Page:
If your nose is not too congested, you should begin (or increase) using saline nasal spray or irrigations. You can find many manufactured solutions at the drug store, but I recommend a Neti pot with lukewarm saline that you make up yourself. Why? It’s cheaper and easier.

Unlike Zinc, vitamin C does have some preventive effect. Whether you take vitamin C preventively or not, you should increase your intake once the cold has started. I recommend 4,000 mg in divided doses daily, though some physicians recommend even more. Since vitamin C is water soluble, you won’t poison yourself with excessive amounts—it is simply excreted in the urine. Side effects however may include mild diarrhea and heartburn.

Echinacea and goldenseal are two herbs often recommended for treatment of a cold. Again, you should take them once you have a cold. Whatever benefit they may confer, they do not prevent inoculation of the virus.

OK, you’ve done all you can, yet the cold continues. What to do, what to avoid?

As much as possible, avoid antihistamines. Antihistamines, especially the proprietary mixtures such as DayQuil or NyQuil, are very drying and make phonation difficult. Decongestants such as Sudafed, on the other hand, are a bit drying, but the benefit may outweigh the negative effect. Inhaling warm steam before the performance is helpful, perhaps with a drop or two of eucalyptus oil in the pot. This soothes the upper airway and loosens sticky mucus.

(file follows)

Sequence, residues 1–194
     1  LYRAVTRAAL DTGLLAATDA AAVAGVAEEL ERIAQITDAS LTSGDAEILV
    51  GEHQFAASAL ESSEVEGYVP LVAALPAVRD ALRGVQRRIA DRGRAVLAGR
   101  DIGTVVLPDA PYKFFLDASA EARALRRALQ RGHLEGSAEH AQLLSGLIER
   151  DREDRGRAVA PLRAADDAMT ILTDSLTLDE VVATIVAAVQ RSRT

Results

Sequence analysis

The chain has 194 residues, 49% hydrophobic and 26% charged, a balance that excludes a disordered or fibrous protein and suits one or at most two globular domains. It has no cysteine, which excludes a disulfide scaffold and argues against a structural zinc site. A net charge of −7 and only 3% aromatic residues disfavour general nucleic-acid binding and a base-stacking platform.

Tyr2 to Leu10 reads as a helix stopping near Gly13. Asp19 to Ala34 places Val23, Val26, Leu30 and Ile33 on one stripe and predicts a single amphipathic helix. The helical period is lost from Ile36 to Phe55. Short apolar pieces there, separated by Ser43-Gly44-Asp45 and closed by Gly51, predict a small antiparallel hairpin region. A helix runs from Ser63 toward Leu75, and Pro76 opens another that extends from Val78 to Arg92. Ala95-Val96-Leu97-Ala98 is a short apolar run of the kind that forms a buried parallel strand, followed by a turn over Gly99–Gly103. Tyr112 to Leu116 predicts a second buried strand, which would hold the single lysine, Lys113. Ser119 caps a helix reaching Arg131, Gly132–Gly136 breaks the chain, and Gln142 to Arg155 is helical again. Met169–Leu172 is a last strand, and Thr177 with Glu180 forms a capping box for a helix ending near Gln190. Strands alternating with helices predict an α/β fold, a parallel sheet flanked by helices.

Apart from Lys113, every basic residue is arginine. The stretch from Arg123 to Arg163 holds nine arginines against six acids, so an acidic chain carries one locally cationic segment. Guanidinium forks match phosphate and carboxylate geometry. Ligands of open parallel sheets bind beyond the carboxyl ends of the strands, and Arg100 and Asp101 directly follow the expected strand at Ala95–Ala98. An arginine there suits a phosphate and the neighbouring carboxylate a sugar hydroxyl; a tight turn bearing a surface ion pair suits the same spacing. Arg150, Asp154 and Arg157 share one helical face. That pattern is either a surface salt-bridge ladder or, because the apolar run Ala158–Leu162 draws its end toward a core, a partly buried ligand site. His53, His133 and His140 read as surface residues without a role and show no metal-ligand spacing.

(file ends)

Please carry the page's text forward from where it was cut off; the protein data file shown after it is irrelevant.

From the vocal point of view, your difficulties will be on the top and in the passaggio. Swelling and thick mucus on the vocal folds affect the top, and irritation of the pharynx affects the passaggio. This may require you to push, to muscle the voice more than usual. Support may also be affected, especially if you have chest congestion and are dealing with a cough.

When singing with a cold, it is important to be aware of support, and also to realize that you may temporarily need to use suboptimal technique to get the voice out. As soon as the cold passes, conscientiously revert to your good technique, opening the pharynx, lowering the larynx, and anchoring the voice in the lower abdomen and pelvis. In other words, do whatever is necessary to get the voice out, but as soon as possible, return to your normal good technique, otherwise your temporary compensation may itself become a problem.

Many singers think they “sound better” with a cold. They don’t. When you have a cold, more sound is absorbed into the swollen tissues of the upper airway, so to your ears the voice (conducted directly through the body) sounds louder. This conducted sound favors lower frequencies (with longer waves), so the sound seems not only louder, but also deeper. The voice coming out of your mouth, however, is not what you hear inside, so don’t be deceived.

Perhaps most importantly, you must rest your voice after your ordeal. You can get through one or two performances with a cold perhaps, but continued singing while impaired can cause damage.